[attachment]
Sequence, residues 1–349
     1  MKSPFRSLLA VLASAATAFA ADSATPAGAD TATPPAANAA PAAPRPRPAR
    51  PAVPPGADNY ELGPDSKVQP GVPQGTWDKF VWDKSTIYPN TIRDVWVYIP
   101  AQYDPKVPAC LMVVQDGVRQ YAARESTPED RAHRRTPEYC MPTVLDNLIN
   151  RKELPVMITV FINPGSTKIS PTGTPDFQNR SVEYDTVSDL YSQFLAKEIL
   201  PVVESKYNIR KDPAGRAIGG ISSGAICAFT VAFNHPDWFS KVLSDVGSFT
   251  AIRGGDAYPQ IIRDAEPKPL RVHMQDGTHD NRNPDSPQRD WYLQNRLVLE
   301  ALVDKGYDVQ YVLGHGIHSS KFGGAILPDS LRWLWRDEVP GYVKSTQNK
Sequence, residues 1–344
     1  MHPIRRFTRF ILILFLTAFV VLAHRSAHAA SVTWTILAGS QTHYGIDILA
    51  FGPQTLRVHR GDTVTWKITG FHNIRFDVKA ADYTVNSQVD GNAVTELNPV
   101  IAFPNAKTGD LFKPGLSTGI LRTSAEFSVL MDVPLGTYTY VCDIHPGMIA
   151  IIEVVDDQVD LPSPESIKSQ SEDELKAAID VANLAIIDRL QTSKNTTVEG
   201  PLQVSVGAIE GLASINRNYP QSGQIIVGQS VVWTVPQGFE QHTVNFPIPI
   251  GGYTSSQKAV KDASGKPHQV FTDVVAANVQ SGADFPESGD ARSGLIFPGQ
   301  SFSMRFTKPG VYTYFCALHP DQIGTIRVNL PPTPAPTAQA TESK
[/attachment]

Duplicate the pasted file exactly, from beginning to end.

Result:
Sequence, residues 1–349
     1  MKSPFRSLLA VLASAATAFA ADSATPAGAD TATPPAANAA PAAPRPRPAR
    51  PAVPPGADNY ELGPDSKVQP GVPQGTWDKF VWDKSTIYPN TIRDVWVYIP
   101  AQYDPKVPAC LMVVQDGVRQ YAARESTPED RAHRRTPEYC MPTVLDNLIN
   151  RKELPVMITV FINPGSTKIS PTGTPDFQNR SVEYDTVSDL YSQFLAKEIL
   201  PVVESKYNIR KDPAGRAIGG ISSGAICAFT VAFNHPDWFS KVLSDVGSFT
   251  AIRGGDAYPQ IIRDAEPKPL RVHMQDGTHD NRNPDSPQRD WYLQNRLVLE
   301  ALVDKGYDVQ YVLGHGIHSS KFGGAILPDS LRWLWRDEVP GYVKSTQNK
Sequence, residues 1–344
     1  MHPIRRFTRF ILILFLTAFV VLAHRSAHAA SVTWTILAGS QTHYGIDILA
    51  FGPQTLRVHR GDTVTWKITG FHNIRFDVKA ADYTVNSQVD GNAVTELNPV
   101  IAFPNAKTGD LFKPGLSTGI LRTSAEFSVL MDVPLGTYTY VCDIHPGMIA
   151  IIEVVDDQVD LPSPESIKSQ SEDELKAAID VANLAIIDRL QTSKNTTVEG
   201  PLQVSVGAIE GLASINRNYP QSGQIIVGQS VVWTVPQGFE QHTVNFPIPI
   251  GGYTSSQKAV KDASGKPHQV FTDVVAANVQ SGADFPESGD ARSGLIFPGQ
   301  SFSMRFTKPG VYTYFCALHP DQIGTIRVNL PPTPAPTAQA TESK